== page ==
SEATTLE -- If the election of 1994 can be considered a political earthquake, then the epicenter had to be here in Washington state.
In a single stroke, the state's delegation to the House of Representatives turned around from 8 to 1 Democratic to 7 to 2 Republican. The most prominent of the six Democratic victims was, of course, then-Speaker of the House Thomas S. Foley.
The other side of this coin is that Washington state has now become a prime battleground in a contest for the far West next year that will go a long way toward determining, first, whether the Democrats have any realistic chance of regaining control of the House and, more important, whether President Clinton can be re-elected to a second term.
Indeed, Democratic leaders here and at national headquarters believe that their chance of gaining a net of 14 seats in the House -- the magic number needed to make Newt Gingrich minority leader -- requires winning back at least three of the six lost here. No other state, party officials concede, offers such a rich potential.
At the same time, the importance of Washington and the West to the White House has been elevated to some degree by the recognition among political professionals in both parties that Mr. Clinton is unlikely to win any electoral votes in the South next year except those from Arkansas and possibly Tennessee, the home state of Vice President Al Gore.
Thus, to put together the required 270 electoral votes, Mr. Clinton needs most, if not all, of the 96 he captured in the West in 1992 -- and not just the 54 of California that Democratic strategists acknowledge are an absolute must for re-election.
That imperative has been behind Mr. Clinton's having made six trips to the region since he took office, including his visit to Montana this week and another visit to Oregon scheduled later this month. And it is the reason both national parties are expected to invest heavily in the campaign here at both the presidential and congressional level.
Washington (11 electoral votes) and neighboring Oregon (7) are particular targets because they have shown more consistent willingness to vote for Democratic presidential nominees than any other state in the region other than Hawaii (4). Both states went for Michael S. Dukakis in 1988, as well as for Mr. Clinton in 1992.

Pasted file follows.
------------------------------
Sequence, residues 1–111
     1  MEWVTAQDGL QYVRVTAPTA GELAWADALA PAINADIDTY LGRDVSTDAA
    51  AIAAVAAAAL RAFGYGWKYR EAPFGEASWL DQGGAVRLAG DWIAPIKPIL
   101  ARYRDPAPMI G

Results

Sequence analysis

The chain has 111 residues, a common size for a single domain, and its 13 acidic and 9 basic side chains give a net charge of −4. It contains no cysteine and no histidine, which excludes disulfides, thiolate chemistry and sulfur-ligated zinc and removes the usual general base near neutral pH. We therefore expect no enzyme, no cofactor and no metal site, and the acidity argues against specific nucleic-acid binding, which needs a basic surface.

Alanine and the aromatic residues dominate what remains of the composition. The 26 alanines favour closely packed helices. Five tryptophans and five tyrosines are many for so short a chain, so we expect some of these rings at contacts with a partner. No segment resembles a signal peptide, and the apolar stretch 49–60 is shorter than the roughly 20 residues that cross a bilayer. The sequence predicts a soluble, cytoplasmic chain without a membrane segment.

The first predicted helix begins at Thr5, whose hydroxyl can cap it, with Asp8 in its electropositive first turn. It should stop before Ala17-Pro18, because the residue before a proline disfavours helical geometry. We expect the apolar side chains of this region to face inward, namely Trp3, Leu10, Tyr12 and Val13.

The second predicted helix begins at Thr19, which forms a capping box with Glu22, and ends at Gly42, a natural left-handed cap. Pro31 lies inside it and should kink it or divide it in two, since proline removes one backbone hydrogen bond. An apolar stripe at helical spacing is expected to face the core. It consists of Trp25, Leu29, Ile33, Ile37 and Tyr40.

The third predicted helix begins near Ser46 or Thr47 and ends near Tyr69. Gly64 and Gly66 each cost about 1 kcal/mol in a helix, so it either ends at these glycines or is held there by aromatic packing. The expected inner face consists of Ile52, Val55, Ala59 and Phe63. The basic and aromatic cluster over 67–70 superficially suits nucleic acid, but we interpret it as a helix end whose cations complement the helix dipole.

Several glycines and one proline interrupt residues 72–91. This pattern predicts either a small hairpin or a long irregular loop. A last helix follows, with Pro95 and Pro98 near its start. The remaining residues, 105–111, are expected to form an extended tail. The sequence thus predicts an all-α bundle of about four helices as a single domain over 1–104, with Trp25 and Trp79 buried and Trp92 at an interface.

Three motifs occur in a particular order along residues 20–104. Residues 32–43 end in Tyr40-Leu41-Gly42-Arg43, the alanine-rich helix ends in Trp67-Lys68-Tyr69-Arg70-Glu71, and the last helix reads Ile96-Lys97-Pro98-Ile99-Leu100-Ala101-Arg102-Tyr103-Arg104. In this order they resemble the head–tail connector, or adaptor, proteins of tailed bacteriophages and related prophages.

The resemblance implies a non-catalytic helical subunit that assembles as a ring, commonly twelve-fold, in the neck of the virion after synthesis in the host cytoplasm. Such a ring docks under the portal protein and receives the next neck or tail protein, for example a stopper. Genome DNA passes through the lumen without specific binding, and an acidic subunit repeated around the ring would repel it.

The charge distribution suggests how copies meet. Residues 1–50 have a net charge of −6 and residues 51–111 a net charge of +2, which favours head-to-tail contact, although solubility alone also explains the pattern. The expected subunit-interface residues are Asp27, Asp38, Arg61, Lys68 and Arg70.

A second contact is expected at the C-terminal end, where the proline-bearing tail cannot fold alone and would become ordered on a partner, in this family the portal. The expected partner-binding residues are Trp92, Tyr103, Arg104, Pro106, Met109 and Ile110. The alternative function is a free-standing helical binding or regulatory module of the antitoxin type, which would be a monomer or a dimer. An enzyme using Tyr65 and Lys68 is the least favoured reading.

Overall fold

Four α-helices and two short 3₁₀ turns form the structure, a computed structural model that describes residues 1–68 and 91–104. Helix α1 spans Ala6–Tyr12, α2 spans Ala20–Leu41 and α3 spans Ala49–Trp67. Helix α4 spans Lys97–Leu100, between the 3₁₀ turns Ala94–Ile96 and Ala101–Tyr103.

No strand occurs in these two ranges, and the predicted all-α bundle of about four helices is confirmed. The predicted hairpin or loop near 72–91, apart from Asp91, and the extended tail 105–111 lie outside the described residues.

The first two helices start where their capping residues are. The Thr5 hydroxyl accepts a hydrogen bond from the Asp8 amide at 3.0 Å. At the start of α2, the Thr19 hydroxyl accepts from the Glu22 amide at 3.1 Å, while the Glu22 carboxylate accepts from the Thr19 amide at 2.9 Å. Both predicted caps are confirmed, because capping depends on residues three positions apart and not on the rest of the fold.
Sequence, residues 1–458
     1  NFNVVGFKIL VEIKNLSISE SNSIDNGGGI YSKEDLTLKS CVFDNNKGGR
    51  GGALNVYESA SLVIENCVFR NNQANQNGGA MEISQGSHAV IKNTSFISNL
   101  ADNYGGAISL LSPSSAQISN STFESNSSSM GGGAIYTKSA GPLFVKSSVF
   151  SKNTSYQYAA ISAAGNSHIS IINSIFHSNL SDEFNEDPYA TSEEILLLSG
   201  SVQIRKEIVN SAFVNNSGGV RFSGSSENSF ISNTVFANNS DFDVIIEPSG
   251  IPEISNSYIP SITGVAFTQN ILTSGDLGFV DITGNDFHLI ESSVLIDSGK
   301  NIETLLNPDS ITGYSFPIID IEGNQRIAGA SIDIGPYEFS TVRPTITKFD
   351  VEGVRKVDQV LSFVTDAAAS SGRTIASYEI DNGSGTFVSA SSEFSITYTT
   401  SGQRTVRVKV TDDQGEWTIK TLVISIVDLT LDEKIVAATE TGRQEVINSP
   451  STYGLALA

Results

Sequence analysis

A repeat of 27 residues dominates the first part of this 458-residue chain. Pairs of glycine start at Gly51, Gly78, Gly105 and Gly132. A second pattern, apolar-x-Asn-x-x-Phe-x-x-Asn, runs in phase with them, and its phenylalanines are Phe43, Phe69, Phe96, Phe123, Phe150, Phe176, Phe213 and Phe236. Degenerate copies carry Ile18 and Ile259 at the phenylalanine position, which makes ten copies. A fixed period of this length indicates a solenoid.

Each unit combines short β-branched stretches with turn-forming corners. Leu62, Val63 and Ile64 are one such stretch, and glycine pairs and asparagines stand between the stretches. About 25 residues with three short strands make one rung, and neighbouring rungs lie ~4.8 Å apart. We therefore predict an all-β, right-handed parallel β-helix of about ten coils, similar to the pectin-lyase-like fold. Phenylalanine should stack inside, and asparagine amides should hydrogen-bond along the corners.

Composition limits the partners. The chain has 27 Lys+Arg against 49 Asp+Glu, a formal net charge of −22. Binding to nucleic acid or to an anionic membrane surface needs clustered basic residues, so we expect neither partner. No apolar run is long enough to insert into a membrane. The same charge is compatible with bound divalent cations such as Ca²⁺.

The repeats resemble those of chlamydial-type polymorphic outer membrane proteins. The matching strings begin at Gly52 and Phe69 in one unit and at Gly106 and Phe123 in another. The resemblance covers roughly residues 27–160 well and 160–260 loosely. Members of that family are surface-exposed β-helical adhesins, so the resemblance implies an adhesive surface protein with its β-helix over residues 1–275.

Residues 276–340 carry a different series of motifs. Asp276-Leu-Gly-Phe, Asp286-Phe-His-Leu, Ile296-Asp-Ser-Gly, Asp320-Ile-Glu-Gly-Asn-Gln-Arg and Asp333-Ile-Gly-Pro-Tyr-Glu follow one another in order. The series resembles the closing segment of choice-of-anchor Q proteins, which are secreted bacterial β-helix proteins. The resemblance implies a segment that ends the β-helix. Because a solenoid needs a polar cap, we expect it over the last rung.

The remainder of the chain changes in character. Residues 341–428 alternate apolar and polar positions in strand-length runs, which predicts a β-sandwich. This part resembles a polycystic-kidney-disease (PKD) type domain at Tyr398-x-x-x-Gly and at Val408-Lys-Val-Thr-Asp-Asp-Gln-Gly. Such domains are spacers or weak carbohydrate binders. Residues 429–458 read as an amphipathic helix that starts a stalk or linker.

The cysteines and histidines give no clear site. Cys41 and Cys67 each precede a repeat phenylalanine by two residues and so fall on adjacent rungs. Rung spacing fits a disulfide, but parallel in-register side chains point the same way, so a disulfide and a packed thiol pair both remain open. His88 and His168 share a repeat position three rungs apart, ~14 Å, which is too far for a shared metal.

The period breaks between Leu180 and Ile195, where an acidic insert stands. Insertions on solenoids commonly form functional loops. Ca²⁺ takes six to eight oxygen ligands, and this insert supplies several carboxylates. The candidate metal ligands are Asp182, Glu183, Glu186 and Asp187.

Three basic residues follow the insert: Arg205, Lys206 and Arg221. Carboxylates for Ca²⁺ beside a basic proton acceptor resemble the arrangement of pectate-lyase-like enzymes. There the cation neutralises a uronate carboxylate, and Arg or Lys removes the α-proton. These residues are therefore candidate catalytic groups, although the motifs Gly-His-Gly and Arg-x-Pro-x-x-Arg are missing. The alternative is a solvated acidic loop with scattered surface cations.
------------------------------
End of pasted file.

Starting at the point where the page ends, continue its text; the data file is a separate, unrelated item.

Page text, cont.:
The other Western states that went Democratic last time -- Colorado, New Mexico, Montana and Nevada -- usually are more difficult ground for the Democrats, as are the five that George Bush carried -- Arizona, Wyoming, Alaska, Idaho and Utah.
But the political equation here is extremely complex. Mr. Clinton carried Washington and Oregon by 10 percent-plus last time. But in both states, independent Ross Perot came away with 24 percent, 5 percentage points above his national tally. And, as a national Democratic leader acknowledged privately, "Those ain't our people right now."
On the other hand, Mr. Clinton seems to be getting higher marks in the Pacific Northwest than he is nationally. A recent opinion poll commissioned by the Seattle Post-Intelligencer put his approval rating at 59 percent.
"I really think President Clinton's coming up here," said Paul Berendt, the Washington state Democratic chairman. "This is a kind of economics-driven state, and things have been going well."
Indeed, even though Boeing aircraft has laid off about 30,000 workers in the past two years, about 120,000 new jobs -- many in computer software and biotechnology -- have been created.
Democrats' prospects are not without some clouds. Washington Gov. Mike Lowry has an approval rating of 38 percent and has been in trouble almost since the day he took office and began promulgating a tax increase. Those troubles multiplied early this year when he was accused of sexual harassment by three former members of his staff, an issue both Republicans and Democratic strategists believe has undermined him with his base vote among liberal women.
The issue now is less whether Mr. Lowry runs again than which Democrat is most likely to defeat him in a primary. The list of potential primary challengers is long and includes a prominent legislative leader, Nita Rinehart; one of the congressional incumbents who lost last year, Jay Inslee; and Mayor Norman Rice of Seattle. And the Republicans count nine potential candidates who already have expressed some interest.
In the contest for the House seats, the Democrats believe their prospects are enhanced by the fact that, as Mr. Berendt put it, "some of these people were elected by accident" -- meaning that no one foresaw a 67-year-old advocate of the gold standard or a 29-year-old trailer-park operator winning.
That, of course, is the imperative for the Democrats in seeking House seats everywhere -- identifying those freshmen who were surprise and narrow winners and now may be more vulnerable than if they win second terms. Another factor, consultant Jeff Smith points out, is that the Democratic turnout is likely to be substantially higher in a presidential election year than it was in .. 1994.
But the Republicans who won those seats Nov. 8 are still enjoying the benefits of their role in the new majority pushing through the "Contract with America." Unpublished opinion polls show that the voters "do not think yet that they made any mistakes" in electing all those Republicans, poll-taker Celinda Lake said.
Republican pros here seem more concerned about Mr. Clinton than about losing the House seats. Said state party Chairman Ken Eikenberry: "As a matter of fact, we intend to go after at least one of the two the Democrats still have."